Musacchio, Aldo, and Sergio G. Lazzarini. Reinventing State Capitalism: Leviathan in Business, Brazil and Beyond. Cambridge, MA: Harvard University Press, 2014. View Details
  2. Experiments in Financial Democracy: Corporate Governance and Financial Development in Brazil, 1882-1950

    In Experiments in Financial Democracy, I challenge the idea that it was colonial institutions that sent Brazil, a civil law country, down a particular path of corporate governance and finance. Detailed archival research reveals significantly different patterns of corporate governance and finance between the beginning of the twentieth century and the 1990s. In order to attract investors, the founders of companies organized before 1910 often included in the statutes stronger protections for small shareholders than what was mandated by law. The most important of these protections were maximum vote provisions that capped the number of votes a single shareholder (and sometimes even a single proxy voter) could exercise during a shareholder meeting. An analysis of the shareholder lists of nearly 100 Brazilian companies revealed a correlation between corporate statutes that protected small shareholders and less concentrated ownership and control. I maintain that the corporate governance rules in the past help to explain the peak in equity market development observed between 1890 and 1914 (by some measures, equity markets were more developed then than they are today).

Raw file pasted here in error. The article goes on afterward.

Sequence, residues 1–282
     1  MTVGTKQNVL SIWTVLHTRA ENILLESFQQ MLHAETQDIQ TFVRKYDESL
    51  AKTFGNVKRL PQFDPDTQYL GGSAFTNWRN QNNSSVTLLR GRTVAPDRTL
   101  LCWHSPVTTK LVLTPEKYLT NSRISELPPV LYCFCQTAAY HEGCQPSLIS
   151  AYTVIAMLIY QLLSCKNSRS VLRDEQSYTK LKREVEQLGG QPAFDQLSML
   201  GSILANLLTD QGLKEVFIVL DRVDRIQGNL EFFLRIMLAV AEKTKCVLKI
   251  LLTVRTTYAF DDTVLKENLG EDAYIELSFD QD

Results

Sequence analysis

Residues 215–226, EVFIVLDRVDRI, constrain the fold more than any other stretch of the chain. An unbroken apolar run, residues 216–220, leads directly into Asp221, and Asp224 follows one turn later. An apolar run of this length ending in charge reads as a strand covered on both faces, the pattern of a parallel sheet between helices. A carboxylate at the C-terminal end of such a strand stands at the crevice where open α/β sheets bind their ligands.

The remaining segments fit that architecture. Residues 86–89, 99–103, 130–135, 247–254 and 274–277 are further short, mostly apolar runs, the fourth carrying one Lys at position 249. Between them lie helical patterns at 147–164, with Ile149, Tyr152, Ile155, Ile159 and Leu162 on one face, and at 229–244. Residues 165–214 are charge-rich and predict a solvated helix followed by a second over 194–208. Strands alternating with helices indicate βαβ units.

Keywords: Private Equity; Investment; Corporate Governance; Governing Rules, Regulations, and Reforms; Business History; Business and Shareholder Relations; Brazil;

Journal Articles

  1. Colonial Institutions, Commodity Booms, and the Diffusion of Elementary Education in Brazil